In the second US military operation in as many days, an OC-135 observation aircraft of the US Air Force conducted an "extraordinary flight" on Thursday in the framework of the Open Skies Treaty "to reaffirm the commitment of the States. United against Ukraine, "said the Pentagon.
The flight arrived the day after the US Navy sailed the destroyer driven USS McCampbell near Peter the Great's Bay in the Sea of Japan, a move that annoyed Russia, which maintains a territorial claim on the disputed waters that did not is recognized by the US.
"The Pentagon is" reporting a counter to the latest series of Russian actions and provocations that have once again raised tensions in the region, "Peter Singer, strategist and senior fellow of the think tank New America, told CNN.
"The unprovoked attack of Russia on Ukrainian military ships in the Black Sea, near the Kerch Strait, is a dangerous escalation in an increasingly provocative and threatening pattern of activity," Pentagon spokesman Eric Pahon said Thursday at the CNN.
"The United States seeks a better relationship with Russia, but this can not happen while its illegal and destabilizing actions continue in Ukraine and elsewhere," he said.
The strong military response to Russia in recent days underscores the silence of President Donald Trump when it comes to criticizing Russian aggression, Singer noted, pointing to the clash in the Kerch Strait as a recent example.
"What is fascinating is the total disconnection between what the Pentagon is trying to communicate to Russia and the silence of the President," he said.
But while Trump appeared reluctant to launch the full range of sanctions and diplomatic options at his disposal to counter Russia, the administration could use the army as a way to exert pressure until officials according to Boris Zilberman, a Russian expert at the Foundation for the Defense of Democracies will not have established the right balance.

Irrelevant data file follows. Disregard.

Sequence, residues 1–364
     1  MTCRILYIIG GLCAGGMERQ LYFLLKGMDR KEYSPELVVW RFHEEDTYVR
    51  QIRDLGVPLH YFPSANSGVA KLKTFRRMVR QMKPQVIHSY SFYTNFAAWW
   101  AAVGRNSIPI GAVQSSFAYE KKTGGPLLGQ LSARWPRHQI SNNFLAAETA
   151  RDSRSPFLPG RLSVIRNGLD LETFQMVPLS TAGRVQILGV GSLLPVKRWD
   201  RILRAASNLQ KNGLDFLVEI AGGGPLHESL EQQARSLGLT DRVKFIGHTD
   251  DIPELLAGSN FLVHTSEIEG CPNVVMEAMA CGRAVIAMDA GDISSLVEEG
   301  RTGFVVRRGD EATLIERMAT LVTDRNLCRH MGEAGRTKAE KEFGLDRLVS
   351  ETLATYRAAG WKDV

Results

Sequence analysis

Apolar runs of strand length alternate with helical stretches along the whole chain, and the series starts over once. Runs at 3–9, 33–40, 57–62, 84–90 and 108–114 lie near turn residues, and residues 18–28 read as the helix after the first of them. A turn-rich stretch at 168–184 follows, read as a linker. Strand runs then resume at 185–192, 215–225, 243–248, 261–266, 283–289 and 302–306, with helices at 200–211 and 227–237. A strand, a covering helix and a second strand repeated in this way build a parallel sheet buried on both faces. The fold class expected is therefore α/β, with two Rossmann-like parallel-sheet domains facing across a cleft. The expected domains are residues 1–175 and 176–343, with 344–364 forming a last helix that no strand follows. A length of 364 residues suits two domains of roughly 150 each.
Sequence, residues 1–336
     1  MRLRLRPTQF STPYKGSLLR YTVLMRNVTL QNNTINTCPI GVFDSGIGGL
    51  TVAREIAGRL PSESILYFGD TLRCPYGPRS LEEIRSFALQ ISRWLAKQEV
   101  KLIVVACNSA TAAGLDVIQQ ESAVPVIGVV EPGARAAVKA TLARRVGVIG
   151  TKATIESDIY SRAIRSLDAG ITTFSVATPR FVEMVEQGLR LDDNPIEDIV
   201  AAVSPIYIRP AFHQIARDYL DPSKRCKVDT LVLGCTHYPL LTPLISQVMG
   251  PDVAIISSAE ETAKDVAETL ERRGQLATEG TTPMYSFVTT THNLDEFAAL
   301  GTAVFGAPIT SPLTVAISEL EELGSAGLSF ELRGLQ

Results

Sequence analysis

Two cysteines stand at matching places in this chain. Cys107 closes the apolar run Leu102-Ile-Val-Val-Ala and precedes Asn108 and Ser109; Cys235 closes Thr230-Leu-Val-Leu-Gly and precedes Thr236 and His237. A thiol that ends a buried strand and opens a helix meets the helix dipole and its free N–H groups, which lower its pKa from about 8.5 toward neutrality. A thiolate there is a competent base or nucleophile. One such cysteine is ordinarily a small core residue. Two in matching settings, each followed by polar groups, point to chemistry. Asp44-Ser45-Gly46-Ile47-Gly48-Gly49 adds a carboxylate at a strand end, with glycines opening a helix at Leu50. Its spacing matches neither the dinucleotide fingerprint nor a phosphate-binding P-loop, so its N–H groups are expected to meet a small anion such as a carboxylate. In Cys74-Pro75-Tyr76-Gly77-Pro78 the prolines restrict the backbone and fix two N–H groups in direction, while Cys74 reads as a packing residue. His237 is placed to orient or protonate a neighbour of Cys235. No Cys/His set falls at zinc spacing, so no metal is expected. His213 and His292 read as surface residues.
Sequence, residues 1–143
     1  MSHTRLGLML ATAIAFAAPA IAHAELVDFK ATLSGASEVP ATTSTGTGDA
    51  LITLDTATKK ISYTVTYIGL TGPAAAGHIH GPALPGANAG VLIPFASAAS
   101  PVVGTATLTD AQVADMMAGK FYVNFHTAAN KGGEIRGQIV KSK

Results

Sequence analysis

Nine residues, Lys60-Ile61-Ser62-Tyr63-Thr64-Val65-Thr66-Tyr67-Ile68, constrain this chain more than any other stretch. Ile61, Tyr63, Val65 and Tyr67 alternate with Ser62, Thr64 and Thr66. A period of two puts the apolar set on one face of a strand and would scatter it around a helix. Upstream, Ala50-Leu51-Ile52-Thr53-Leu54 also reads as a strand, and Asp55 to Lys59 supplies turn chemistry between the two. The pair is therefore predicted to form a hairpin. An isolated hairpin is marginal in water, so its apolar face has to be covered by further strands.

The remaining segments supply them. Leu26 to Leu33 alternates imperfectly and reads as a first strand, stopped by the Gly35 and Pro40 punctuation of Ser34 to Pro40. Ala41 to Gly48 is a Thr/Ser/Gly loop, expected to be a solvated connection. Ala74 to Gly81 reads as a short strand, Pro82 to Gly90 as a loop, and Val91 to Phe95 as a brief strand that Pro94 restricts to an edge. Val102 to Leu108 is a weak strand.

"The US Navy has the right to conduct these free navigation operations and should continue to do so," Zilberman said.
Russia continues its drive to militarize the waters near the Sea of Japan and, according to Zilberman, is trying to project a greater role in the Pacific. He said the latest US operation in the Sea of Japan could indicate a growing US concern about Russia's behavior in the Pacific.
Line in the sand
The Pentagon is probably trying to draw a line in the sand at the beginning to avoid further escalation in the region, he said.
"Russia needs to know that the United States will not allow them to militarize international water courses in key areas like the Black Sea, the Sea of Japan or Okhotsk, or elsewhere," Zilberman said. Otherwise, he added, "it should now be clear that when (Russian President Vladimir) Putin is not confronted, he will continue to act aggressively against the interests of the United States and our allies."
Amid the swirl of Russian and US activities, the president has been relatively quiet.
While world leaders denounced Russia's aggression against Ukraine ahead of the G20 summit, Trump waited more than a day before offering a mute response, leaving the task of criticizing Moscow at the outset. US ambassador outgoing to the UN.
When asked how he felt about the fight, Trump said, "It's not good, he's not happy at all." He seemed reluctant to blame Russia, adding: "We do not like what is happening in both cases and, hopefully, will be clarified."
Ultimately, however, Russia's actions and its detention of Ukrainian sailors prompted Trump to cancel a planned meeting with Putin during the G20 summit.
"Based on the fact that ships and sailors were not returned to Ukraine from Russia, I decided that it would be better for all parties to cancel my scheduled meeting in Argentina with President Vladimir Putin," Trump tweeted by Air Force One traveling to Argentina.
Secretary of State Mike Pompeo, speaking at a NATO conference in Brussels, Belgium, said the alliance "will collectively develop a series of responses that show the Russians that this behavior is unacceptable".
Unlike Trump, Defense Secretary James Mattis has consistently made known his views on Russia's intentions and has repeatedly warned that Putin aims to weaken NATO and the United States itself.
It was also unequivocal in its response to Russia's seizure of three Ukrainian ships, calling it "a flagrant violation of international law" and saying "it only proves that Russia can not be counted at this time to keep the word ".